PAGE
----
Pay close attention the spike that’s found on the end of the peavey. Most spikes measure in at 3 inches in length, though you may find others that are shorter or longer. Some models even have extendable spikes that give you control over how deep each poke will penetrate the surface of the log. Please exercise caution when using a peavey since its spike is extremely dangerous and could easily penetrate gloves and clothing.

Assembly

Since peaveys are mainly used outdoors, it’s crucial that the tool is weatherproof. The slightest bit of residual water left on the hook may cause rusting; unless it’s coated in an anti-corrosive paint or covering, then you should be good to go. However, you should also be wary of the nuts and bolts used to put the tool together. Most peaveys don’t use stainless steel bolts, so it may end up rusting over time. Either fine one that uses stainless steel parts or purchase your rust-free nut bolts later on.

T-Bar (Lever)

Some peaveys come with a detachable T-Bar that provides extra leverage when lifting and/or rolling logs. Some users find the T-Bar more obstructive than helpful, but it all comes down to personal preference. If your peavey of choice doesn’t include a T-Bar, you may be able to purchase a compatible bar separately. Make sure the manufacturer sells T-bars along with other helpful accessories if you’d like to get the most out of your peavey.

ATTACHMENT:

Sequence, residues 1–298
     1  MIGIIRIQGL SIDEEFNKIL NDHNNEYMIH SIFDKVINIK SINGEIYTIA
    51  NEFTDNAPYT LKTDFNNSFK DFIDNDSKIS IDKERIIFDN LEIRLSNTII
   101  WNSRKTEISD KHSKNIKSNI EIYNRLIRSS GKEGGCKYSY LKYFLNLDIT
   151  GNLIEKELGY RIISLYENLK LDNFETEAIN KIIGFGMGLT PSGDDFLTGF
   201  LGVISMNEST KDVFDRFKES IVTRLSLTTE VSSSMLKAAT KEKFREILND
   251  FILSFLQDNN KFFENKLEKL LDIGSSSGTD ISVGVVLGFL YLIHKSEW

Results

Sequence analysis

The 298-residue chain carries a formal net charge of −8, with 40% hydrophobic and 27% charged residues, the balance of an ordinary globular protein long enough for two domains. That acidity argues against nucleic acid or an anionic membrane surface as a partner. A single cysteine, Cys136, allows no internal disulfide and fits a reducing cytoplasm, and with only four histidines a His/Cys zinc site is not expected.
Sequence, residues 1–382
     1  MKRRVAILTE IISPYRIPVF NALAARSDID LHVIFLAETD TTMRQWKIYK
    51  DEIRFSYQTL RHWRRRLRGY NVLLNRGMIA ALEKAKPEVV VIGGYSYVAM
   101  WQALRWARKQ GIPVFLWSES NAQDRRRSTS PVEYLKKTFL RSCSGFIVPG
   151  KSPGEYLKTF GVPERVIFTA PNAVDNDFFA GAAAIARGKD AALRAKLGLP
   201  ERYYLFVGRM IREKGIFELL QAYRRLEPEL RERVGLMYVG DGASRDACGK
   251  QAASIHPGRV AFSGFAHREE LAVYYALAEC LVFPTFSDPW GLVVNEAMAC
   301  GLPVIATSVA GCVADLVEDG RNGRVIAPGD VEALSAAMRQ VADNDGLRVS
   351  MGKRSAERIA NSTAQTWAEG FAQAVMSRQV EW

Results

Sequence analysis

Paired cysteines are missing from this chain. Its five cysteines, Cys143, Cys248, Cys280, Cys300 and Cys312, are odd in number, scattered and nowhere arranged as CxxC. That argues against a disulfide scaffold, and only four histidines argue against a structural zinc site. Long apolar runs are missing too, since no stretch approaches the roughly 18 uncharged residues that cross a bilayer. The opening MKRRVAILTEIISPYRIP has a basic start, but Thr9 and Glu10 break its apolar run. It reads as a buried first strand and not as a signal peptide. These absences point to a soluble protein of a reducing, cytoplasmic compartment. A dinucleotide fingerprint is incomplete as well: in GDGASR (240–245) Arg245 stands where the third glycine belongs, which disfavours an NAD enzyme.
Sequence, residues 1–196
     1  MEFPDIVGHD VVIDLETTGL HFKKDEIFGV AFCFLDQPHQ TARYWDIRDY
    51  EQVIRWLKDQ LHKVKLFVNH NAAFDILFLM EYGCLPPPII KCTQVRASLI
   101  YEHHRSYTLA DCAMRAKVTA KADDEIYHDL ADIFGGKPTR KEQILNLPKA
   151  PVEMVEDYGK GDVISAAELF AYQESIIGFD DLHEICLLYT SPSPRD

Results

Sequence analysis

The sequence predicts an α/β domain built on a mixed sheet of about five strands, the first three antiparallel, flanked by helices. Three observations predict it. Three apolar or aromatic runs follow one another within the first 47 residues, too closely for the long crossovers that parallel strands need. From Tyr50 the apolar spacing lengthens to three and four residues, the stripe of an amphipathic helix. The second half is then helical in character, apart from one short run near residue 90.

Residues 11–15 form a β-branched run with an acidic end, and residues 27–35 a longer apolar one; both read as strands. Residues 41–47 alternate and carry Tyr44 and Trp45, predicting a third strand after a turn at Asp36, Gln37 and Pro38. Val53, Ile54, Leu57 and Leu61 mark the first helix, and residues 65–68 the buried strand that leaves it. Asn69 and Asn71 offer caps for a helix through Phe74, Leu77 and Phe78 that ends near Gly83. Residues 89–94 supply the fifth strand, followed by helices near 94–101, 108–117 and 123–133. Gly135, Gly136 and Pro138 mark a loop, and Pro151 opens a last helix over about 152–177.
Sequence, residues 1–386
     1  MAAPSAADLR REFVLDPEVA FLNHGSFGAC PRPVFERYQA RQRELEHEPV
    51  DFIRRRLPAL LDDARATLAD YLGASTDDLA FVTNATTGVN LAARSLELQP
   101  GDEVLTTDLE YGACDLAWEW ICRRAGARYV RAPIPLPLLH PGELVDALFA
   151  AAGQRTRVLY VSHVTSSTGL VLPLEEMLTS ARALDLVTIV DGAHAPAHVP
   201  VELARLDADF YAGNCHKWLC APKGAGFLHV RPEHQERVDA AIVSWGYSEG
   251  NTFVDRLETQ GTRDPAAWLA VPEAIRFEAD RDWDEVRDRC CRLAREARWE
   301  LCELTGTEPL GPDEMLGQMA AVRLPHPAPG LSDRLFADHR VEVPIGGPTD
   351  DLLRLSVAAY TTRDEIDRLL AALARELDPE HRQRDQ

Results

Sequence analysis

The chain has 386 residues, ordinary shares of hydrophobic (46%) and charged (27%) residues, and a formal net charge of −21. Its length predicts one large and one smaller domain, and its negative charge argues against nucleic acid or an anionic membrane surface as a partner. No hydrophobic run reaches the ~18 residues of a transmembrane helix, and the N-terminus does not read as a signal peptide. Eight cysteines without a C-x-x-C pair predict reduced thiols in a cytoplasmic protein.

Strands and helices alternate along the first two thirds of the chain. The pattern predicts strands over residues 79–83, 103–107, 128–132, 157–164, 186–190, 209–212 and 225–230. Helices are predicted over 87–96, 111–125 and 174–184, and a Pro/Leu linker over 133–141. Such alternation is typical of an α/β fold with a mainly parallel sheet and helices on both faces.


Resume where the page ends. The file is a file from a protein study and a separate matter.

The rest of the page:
Peavey FAQs

How does a peavey differ from a cant hook?

Due to their larger log-grasping capacity, peaveys are mainly used to move logs right after felling and sizing logs. The spike makes it possible to roll larger logs in preparation for the milling process. Cant hooks are mainly used to move pre-dimensioned logs.

Can I use a peavey in place of a cant hook, and vice versa?

Although peaveys are larger, the two tools have some overlap in regards to log-grabbing capacity, usually between 12 and 24 inches. If this is the case, you may want to consider using a cant hook in place of a peavey since the metal piece on end will cause less damage to the log’s inner bark and sapwood.

Can this peavey lift or move #-pound logs

Because long handles and T-bars offer a ton of leverage, peaveys don’t have a maximum weight capacity. As long as the peavey can grab hold of the log (see Log Size Capacity), it should roll and lift the log effortlessly.

Closing Remarks

With a peavey, you can save a ton of time and money when moving logs. By lifting the handle up after grabbing hold of the log, you won’t need to strain your muscles to reposition the log so you won’t need to schedule as many appointments with your chiropractor.

Like cant hooks, peaveys are basic tool with very few moving parts. This makes it practically impossible to find a bad model, but there are still several points to consider to find the best, longest-lasting peavey for your dollar. The durability of a peavey relies heavily on the materials of the tool and fasteners. Steel with a corrosion-proof coating of pant or plastic will ensure that the peavey will last you a lifetime.